The Characteristic of Sodom (Lekh-L’kha)

I have a problem with stuff. My main issue is that if I put something in a drawer, I immediately forget that it exists. I moved home in July, and I still have four unpacked boxes and - don’t judge me - I have no idea what’s in them. 

Avram and Lot have a problem with stuff. It’s a different kind of problem to mine.

In this week’s Torah portion, Lekh-L’kha, Avram responds to the call of the Divine and sets off on his journey - and he takes with him his wife, Sarai, his nephew, Lot (plus Lot’s family), and a bunch of stuff. And they continue to gain more - more riches, more people, more stuff. After leaving Egypt, Avram is described as being kaveid me’od with cattle, and silver, and gold - sometimes this gets translated as Avram being ‘very rich’, but it really means he was ‘very heavy’. He was heavy with his wealth. And Lot also had his own cattle and riches and people. And the land was not ‘big enough for the both of us’, as they say. 

In more literal terms, our parashah (Gen. 13:7-8) says it this way:

‘And the land could not support them dwelling together, for their possessions were so rav, so great, that they could not dwell together. And there was riyv - quarrelling - between Avram’s herdsmen and Lot’s herdsmen.’ There was a rav - a greatness to the amount of stuff they had, and it led to a riyv - a strife. The words don’t have the same root, but I feel that there is some wordplay happening here. Why would a rav, a greatness, lead to a riyv, a strife?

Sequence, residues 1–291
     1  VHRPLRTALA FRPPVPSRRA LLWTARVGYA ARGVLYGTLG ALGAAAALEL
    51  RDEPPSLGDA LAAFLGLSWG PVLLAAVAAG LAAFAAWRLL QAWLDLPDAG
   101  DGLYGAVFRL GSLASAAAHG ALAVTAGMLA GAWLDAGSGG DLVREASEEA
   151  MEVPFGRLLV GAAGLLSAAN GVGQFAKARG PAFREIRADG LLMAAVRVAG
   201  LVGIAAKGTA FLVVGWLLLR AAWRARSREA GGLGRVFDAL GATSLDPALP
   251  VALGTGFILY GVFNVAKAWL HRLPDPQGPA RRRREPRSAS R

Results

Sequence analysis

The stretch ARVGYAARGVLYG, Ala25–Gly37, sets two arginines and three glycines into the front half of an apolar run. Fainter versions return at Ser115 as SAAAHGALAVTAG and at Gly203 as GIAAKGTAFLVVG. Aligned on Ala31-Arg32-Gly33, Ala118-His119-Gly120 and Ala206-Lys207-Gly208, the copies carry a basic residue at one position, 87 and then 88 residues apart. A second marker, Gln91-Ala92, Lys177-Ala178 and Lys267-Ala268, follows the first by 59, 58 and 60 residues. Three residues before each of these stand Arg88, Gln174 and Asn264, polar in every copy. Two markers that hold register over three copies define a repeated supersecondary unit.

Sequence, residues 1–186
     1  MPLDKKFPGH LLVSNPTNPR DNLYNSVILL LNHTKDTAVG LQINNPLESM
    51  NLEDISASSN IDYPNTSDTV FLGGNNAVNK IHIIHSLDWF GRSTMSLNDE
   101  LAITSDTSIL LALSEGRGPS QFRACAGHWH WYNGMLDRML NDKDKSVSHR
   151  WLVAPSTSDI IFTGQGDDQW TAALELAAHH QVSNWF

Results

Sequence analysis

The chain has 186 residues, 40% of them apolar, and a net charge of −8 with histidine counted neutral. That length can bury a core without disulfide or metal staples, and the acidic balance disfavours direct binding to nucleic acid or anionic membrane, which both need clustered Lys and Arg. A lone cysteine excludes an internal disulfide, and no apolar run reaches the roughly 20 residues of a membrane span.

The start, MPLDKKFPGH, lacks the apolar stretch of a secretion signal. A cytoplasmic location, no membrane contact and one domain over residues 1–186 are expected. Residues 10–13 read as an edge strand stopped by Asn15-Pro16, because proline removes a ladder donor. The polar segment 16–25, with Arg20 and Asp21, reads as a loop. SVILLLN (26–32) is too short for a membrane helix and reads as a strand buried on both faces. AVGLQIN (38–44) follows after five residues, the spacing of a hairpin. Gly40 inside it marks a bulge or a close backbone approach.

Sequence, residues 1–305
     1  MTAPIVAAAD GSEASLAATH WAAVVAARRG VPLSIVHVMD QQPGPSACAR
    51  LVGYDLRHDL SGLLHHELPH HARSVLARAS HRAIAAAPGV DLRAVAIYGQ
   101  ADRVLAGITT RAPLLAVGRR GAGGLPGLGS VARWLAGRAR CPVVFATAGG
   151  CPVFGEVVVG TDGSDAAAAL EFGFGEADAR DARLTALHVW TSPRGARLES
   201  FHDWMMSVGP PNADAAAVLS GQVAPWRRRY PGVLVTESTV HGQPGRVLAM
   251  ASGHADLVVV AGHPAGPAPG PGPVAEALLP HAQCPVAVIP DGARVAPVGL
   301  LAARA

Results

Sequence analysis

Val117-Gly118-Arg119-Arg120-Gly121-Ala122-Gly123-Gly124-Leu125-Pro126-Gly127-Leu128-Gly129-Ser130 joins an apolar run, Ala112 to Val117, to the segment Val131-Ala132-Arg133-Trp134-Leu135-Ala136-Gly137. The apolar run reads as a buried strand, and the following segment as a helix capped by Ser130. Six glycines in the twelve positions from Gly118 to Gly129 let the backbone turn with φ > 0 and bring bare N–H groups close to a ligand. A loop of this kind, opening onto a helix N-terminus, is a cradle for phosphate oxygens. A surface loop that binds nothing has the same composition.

This is not a teaching on leaving your stuff behind. I really should unpack those four boxes. But there is something important here about how ownership of things can pull people apart. 

There is a famous teaching in Pirkei Avot (5:10), which goes like this:

אַרְבַּע מִדּוֹת בָּאָדָם. הָאוֹמֵר שֶׁלִּי שֶׁלִּי וְשֶׁלְּךָ שֶׁלָּךְ, זוֹ מִדָּה בֵינוֹנִית. וְיֵשׁ אוֹמְרִים, זוֹ מִדַּת סְדוֹם. שֶׁלִּי שֶׁלְּךָ וְשֶׁלְּךָ שֶׁלִּי, עַם הָאָרֶץ. שֶׁלִּי שֶׁלְּךָ וְשֶׁלְּךָ שֶׁלָּךְ, חָסִיד. שֶׁלִּי שֶׁלִּי וְשֶׁלְּךָ שֶׁלִּי, רָשָׁע:

There are four characteristics of humanity. The one who says ‘what is mine is mine and what is yours is yours’ - this is a commonplace person. And some say: this is the characteristic of Sodom.  The one who says ‘what is mine is yours and what is yours is mine’ - this is an am ha’aretz, an unlearned person. The one who says ‘what’s mine is yours and what’s yours is yours’ - this is a chasid, a pious person. And the one who says ‘what’s mine is mine and what’s yours is mine’ - this is an evil person.

I think it’s important to know two pieces of context. First, this is not talking about tzedakah (‘charity’). That’s a mitzvah, an obligation, and it has its own teaching just a few paragraphs further down. So the one saying ‘what’s mine is mine’ is not specifically denying the mitzvah of tzedakah. And the second piece of context that I think is important is that there are rules on how much we are allowed to give away. Ours is not an ascetic tradition. We don’t tend to do the ‘give away all your stuff and go live in a cave thinking about God’ thing, partly because we’re warned against leaving ourselves destitute. Talmud Ketubot 50a says: if you want to give things away, that’s great; you can give away one fifth of what you own. 

So the person saying ‘what’s mine is mine’ is not denying giving to the needy, and the person saying ‘what’s mine is yours’ is not actually giving away all their stuff. 

So what gives?

I recognise that I have given you two questions here: 1. What goes so wrong with Avram and Lot, how does their rav turn into riyv, and 2. What is this text from Pirkei Avot trying to teach us, if it isn’t ‘give away all your things to be pious’.